Tackling COVID-19 in Kenya’s slums

by | May 18, 2023 | Global Health (GH) | 0 comments

Article written by Samuel Hurley, Social Responsibility and Public Engagement Intern.

Kibera slum in Nairobi. Keeping COVID-19 transmission rates low in Kenya’s crowded slums presented a significant challenge.

Globally, around 1 billion people live in urban slums. Slum communities face overcrowded and unsanitary conditions, leading to a high risk of disease transmission. Sub-Saharan Africa has a large urban slum population and thus faced significant risk during the COVID-19 pandemic. With millions of urban slum residents, Kenya was a country of concern. Urban slums in cities such as Nairobi and Nakuru are cramped, with a high population density, multi-generational households, shared sanitation facilities, and high levels social mixing. Unsanitary conditions and widespread poverty has led to poor health outcomes for the countries slum population, who face a significantly higher mortality rate than the rest of the urban population.

Most of Kenya’s slum inhabitants rely on informal employment. To ensure a reliable source of income for themselves and their families, many slum residents are unable to give up work, despite facing increased risk of infection. While lockdowns across the globe aimed to restrict human interaction to reduce Covid transmission, such measures were impossible in Kenya’s slums.

To prevent Kenya’s slums from becoming a disease hotspot, a more tailored mitigation approach was needed. Funded by the Global Challenges Research Fund, in 2020, a cross-disciplinary team of researchers, including colleagues from the School of Medical Sciences and the Department of Geography, set out to improve Covid outcomes in Kenya’s slums. During a time where little international work was taking place, the pandemic presented an important but challenging time for research.

Unlike previous studies, The University of Manchester’s project aimed not just to identify local knowledge and attitudes surrounding Covid, but implement an effective public health campaign. Working in three main slums in Nairobi (Kibera), Nakuru (Rhoda), and Kisii, to assess project impact, researchers conducted knowledge surveys through questionnaires before and after Covid health measures had taken place. In addition to distributing free cloth masks, researchers organised awareness campaigns through leaflets and local media to inform residents on how to reduce disease transmission. Local community leaders were identified to ensure maximum reach within the population. Throughout the study, Geographical Information System (GIS) technology was used to inform the distribution of the questionnaires and health campaigns, emphasising the importance of cross-disciplinary approaches to healthcare.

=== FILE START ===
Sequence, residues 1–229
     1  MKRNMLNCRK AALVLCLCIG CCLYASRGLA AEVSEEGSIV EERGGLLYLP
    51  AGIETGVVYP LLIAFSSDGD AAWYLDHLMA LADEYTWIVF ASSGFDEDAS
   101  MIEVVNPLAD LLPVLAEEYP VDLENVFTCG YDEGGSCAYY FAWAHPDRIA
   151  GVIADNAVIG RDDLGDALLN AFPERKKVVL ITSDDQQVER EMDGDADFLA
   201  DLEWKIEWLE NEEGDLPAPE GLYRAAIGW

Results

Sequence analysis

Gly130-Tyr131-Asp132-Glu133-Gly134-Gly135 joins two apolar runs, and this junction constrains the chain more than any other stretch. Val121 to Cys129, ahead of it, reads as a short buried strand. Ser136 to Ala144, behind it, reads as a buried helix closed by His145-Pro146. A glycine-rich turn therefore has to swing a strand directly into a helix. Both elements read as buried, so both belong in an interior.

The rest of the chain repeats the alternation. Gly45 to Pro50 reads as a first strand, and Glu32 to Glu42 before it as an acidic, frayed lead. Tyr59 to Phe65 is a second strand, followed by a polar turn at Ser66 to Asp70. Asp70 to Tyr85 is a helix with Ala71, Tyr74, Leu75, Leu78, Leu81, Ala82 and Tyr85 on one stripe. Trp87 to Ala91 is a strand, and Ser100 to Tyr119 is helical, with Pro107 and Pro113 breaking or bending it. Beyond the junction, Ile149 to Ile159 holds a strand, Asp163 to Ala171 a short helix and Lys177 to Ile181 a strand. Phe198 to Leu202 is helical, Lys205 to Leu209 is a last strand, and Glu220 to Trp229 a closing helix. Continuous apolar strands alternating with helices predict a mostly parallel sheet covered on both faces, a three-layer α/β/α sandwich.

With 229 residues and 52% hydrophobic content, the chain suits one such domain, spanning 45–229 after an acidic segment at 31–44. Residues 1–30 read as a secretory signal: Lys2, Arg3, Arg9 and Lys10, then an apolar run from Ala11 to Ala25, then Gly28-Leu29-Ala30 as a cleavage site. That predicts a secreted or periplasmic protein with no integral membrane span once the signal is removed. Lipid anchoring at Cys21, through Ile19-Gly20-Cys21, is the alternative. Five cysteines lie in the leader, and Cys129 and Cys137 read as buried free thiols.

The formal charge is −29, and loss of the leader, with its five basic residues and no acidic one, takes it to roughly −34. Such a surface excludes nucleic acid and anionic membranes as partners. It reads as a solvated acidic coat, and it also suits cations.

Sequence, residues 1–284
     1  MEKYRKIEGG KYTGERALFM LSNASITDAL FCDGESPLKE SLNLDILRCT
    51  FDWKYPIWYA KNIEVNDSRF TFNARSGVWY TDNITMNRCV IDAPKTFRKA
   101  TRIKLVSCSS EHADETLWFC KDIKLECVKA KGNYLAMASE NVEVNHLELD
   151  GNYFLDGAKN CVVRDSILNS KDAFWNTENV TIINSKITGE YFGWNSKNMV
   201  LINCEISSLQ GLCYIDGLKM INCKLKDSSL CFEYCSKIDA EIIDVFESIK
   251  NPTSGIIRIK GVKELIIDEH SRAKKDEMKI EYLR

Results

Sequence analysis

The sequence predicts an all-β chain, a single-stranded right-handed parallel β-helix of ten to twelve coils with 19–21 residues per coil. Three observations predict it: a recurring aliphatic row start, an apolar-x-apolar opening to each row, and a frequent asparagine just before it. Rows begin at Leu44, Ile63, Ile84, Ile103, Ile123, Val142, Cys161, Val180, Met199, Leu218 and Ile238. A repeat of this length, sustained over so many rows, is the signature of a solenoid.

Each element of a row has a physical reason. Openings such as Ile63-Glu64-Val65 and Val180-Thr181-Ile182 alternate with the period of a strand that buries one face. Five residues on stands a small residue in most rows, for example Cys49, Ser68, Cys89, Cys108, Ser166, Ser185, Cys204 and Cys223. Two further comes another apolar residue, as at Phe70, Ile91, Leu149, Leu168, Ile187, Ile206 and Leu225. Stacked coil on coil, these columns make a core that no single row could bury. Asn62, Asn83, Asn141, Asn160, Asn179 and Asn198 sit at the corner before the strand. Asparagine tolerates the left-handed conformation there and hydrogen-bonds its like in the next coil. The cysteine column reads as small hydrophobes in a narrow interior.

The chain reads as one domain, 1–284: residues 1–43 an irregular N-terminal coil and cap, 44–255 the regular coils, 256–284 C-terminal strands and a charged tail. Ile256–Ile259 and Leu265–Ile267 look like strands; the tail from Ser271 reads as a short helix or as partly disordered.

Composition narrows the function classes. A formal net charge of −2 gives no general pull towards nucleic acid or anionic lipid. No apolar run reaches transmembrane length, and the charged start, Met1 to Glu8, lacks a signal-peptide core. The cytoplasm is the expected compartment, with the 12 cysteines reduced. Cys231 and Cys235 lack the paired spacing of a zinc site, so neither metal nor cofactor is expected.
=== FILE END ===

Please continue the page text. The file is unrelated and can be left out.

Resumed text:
“The role of informal settlements in Africa is important in planning for future epidemics and special attention and policy interventions are needed to address the specific needs of people living in these environments” – Professor Mahesh Nirmalan, Vice Dean for Social Responsibility

In a challenging time and setting, a multi-disciplinary team of researchers from Manchester were able to conduct a vital health intervention in extremely deprived community, reducing healthcare inequalities at a local scale. The project has recently entered completion. Keep an eye out for the research paper in the coming months.

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